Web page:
“Rarely can there have been a group of voters who swung so far so fast. Polls suggest the drop in women’s support for the Conservative party has been dramatic since the election.”
Shadow Home Secretary Yvette Cooper, writing in The Guardian, 26 September 2011
Cathy Newman checks it out
To hear Labour speak, you’d think there was a veritable stampede of women desperate to escape the clutches of David Cameron in exchange for the warm embrace of Ed Miliband.
Women, so the Labour party’s argument goes, have fallen out of love with the Conservatives because they’re being punished by a series of government policies.
That’s because cuts to things like tax credits impact on lone parents, who by and large are female. But just because coalition policies are punishing women, are women – yet – punishing the coalition? Over to the team, with a little help from the pollsters.
Launching a major play for the female vote today, Ed Miliband hit the airwaves summing up Tuesday’s Autumn Statement as “the biggest attack on women in a generation”.
Brandishing new House of Commons Library research, he said that of the £2.37bn raised from tax credits and public sector pay changes, three quarters of the cash will be coming from women.
The Institute for Fiscal Studies (IFS) however said this is nothing new. It told FactCheck: “We have already shown that the coalition’s measures before Tuesday would hit single women harder than single men, on average. This is because many more single women are lone parents, and the measures hit lone parents, on average.”
The IFS told us it gets much more complicated when you look at couples, because although women typically receive tax credits in a couple, “to get a real idea about who suffers from this one would need to know how income is shared within a household”.
The Conservative Party meanwhile told FactCheck that Labour’s analysis was “selective and partial”, deliberately ignoring the positive steps the government has taken and focusing on the cuts.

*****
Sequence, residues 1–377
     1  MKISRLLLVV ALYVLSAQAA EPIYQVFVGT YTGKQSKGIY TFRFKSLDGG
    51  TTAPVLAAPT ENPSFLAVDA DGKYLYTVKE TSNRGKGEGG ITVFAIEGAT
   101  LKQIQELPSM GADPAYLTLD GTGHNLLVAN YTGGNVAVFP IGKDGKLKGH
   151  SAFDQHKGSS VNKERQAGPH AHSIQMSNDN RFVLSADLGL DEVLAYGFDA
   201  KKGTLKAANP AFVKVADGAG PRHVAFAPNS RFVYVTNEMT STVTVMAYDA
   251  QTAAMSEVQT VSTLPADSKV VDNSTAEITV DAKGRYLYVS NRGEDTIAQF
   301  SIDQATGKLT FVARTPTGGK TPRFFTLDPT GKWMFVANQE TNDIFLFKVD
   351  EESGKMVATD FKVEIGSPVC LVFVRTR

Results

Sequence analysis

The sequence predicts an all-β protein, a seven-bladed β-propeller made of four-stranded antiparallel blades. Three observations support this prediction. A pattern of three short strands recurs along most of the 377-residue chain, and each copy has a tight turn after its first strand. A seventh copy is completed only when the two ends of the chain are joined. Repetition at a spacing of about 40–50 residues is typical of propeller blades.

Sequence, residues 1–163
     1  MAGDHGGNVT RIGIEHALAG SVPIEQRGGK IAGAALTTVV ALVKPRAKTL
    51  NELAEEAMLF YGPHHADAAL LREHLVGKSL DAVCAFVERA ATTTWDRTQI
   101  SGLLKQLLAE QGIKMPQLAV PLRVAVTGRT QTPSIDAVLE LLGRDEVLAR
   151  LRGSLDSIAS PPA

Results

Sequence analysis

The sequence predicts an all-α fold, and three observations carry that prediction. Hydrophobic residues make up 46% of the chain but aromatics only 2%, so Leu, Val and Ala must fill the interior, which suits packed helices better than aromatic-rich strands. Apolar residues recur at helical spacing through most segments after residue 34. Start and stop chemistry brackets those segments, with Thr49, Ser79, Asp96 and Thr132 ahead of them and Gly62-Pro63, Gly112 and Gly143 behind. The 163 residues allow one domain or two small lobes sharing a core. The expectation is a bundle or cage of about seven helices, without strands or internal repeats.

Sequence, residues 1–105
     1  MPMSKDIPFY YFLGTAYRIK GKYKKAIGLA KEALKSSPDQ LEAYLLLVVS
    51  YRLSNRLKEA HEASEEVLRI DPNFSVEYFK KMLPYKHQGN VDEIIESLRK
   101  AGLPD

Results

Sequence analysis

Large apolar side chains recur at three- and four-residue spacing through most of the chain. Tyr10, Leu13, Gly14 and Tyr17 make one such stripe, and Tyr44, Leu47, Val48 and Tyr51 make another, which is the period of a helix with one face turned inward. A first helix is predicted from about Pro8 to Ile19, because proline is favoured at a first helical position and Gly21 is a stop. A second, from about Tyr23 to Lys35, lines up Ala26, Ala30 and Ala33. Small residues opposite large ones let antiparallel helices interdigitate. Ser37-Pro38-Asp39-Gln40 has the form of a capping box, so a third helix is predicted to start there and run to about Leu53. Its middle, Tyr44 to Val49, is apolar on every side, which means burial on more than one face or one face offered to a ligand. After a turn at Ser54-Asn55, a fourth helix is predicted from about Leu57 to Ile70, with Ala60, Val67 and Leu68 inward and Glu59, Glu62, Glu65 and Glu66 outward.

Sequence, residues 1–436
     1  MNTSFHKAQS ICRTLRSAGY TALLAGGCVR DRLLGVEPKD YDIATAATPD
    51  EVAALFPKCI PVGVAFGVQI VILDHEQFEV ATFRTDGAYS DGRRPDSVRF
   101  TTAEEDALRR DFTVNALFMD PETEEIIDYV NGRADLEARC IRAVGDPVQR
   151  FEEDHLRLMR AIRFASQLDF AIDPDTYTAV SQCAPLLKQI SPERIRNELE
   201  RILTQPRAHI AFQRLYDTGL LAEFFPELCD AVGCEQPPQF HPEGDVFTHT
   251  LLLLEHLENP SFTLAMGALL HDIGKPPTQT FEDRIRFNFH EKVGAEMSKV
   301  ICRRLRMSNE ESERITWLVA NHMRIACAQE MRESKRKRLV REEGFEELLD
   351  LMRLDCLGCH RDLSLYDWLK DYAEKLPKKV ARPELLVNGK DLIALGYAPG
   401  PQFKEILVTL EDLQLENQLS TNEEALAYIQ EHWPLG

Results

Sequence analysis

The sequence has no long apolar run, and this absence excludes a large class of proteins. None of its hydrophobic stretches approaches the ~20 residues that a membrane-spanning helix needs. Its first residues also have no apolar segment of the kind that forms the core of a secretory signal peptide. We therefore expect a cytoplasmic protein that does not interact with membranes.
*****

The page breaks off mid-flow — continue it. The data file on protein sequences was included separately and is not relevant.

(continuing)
But does the economic misery have women deserting the Tories in droves?
Not according to pollsters Ipsos-Mori. The most up-to-date data, that covers Reuters polls between January and September, shows that women’s support for the Conservatives over the course of the year has dipped just 1 per cent since the General Election, to 35 per cent.
Over the same period, Conservative support among men has fallen by 3 per cent, also to 35 per cent.
In fact, Ms Cooper’s group of ‘fast-swinging voters’ is not Tory women, but Liberal Democrats – of all sexes.
Anthony Wells from pollster YouGov told FactCheck: “The simple fact is that after the general election the Lib Dems lost their left leaning support in one wholesale sweep. Since then, voting intentions have really been quite static.
“If there is a gender skew in the comparatively small group of people moving from Conservative to Labour, it would be swamped by the swathe of people moving from Lib Dem to Labour”.
What women want
Ms Cooper makes further claims that women “will get angrier and angrier and louder and louder” about the government cuts.
And polls aside, there is evidence that many women are angry. FactCheck spoke to Mumsnet founder Justine Roberts, who said: “There is a definite strand of women (that feel) they are bearing the brunt and who think the government doesn’t get women.”
But is there evidence of women getting louder? When will they start voting with their feet?
We spoke to Ms Roberts as Ed Miliband was sitting beside her answering questions from Mumsnet readers on a live webchat.
She said the Tories faced “potentially a big fallout” in women voters. But do her readers feel Labour understands them any better?
“Labour is trying to persuade them – he (Miliband) is in the process,” Ms Roberts said, as Miliband frantically typed out answers. “They want to know what he really stands for and what his position is on the strikes,” she said.
Is Ed Miliband being opportunistic in his push to get women onside? “Yes I think he is, but who wouldn’t be? That’s politics,” Ms Roberts said.
Cathy Newman’s verdict
It’s certainly true that the coalition cuts are hitting women harder than men. But, surprisingly perhaps, female voters are not – yet – taking revenge in the way they intend to vote.
So unless Yvette Cooper can show us some private polling to the contrary, she and her colleagues are wrong to argue the Conservatives are haemorrhaging support among women.
Having said that, it’s a no-brainer for Labour to target women. Because if they’re not voting with their feet now, by the time they’ve felt the full force of the coalition’s policies in their pocket, they may well be doing so come the next election.
The analysis by Emma Thelwell